The longline itself is a cable that is strung with multiple hooks and laid out in the sea. These cables can be up to 50 miles long, with hundreds of hooks; industrial fishing boats in the Bering Sea run out longlines with more than 2,000 hooks.
Pelagic longlines, which are strung out near the surface, are meant to catch pelagic fish such as swordfish and tuna.
Demersal longlines are strung out along or near the sea bottom. They are meant to catch bottom-dwelling fish such as halibut and cod.
Both pelagic and demersal longlines are floated by a network of buoys. A cable runs from the buoys to the line bearing the hooks, and the line's depth is determined by how long that connecting cable is.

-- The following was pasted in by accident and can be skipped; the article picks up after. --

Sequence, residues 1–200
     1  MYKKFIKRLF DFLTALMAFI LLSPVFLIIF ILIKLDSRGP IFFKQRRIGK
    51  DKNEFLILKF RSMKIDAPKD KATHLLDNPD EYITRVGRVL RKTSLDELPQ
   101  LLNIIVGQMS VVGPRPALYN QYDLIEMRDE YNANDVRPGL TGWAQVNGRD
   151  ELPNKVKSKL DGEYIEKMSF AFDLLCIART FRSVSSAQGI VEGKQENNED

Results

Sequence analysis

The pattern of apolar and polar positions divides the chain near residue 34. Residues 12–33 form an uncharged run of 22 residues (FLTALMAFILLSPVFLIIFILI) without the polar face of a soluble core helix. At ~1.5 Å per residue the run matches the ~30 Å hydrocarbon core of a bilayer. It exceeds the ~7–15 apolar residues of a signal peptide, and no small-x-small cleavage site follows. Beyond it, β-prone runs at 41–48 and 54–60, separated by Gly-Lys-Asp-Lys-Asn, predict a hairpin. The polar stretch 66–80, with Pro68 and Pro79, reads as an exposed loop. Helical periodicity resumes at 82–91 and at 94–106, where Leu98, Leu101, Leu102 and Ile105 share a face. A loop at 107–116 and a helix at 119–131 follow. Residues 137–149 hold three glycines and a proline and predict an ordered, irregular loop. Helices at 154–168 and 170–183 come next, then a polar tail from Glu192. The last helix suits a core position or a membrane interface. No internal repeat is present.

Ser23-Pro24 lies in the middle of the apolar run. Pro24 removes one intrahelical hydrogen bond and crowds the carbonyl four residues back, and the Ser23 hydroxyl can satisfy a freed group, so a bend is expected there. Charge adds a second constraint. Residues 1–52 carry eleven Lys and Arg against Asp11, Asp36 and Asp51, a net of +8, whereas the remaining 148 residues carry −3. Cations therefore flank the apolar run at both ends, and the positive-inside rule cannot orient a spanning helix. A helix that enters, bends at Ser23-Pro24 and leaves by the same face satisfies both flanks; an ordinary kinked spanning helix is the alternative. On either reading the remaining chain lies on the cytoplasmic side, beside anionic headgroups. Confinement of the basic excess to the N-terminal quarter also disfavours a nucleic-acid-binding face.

When creatures that are not part of the intended catch are caught, they are known as bycatch. Longlines are not very discriminating; they very regularly catch or entangle sea turtles, sharks and even birds.
The fishermen of the "Andrea Gail," a real ship lost at sea and featured in the book and film "The Perfect Storm," were longliner swordfishermen.
Article Written By Edwin Thomas
Edwin Thomas has been writing since 1997. His work has appeared in various online publications, including The Black Table, Proboxing-Fans and others. A travel blogger, editor and writer, Thomas has traveled from Argentina to Vietnam in pursuit of stories. He holds a Master of Arts in international affairs from American University.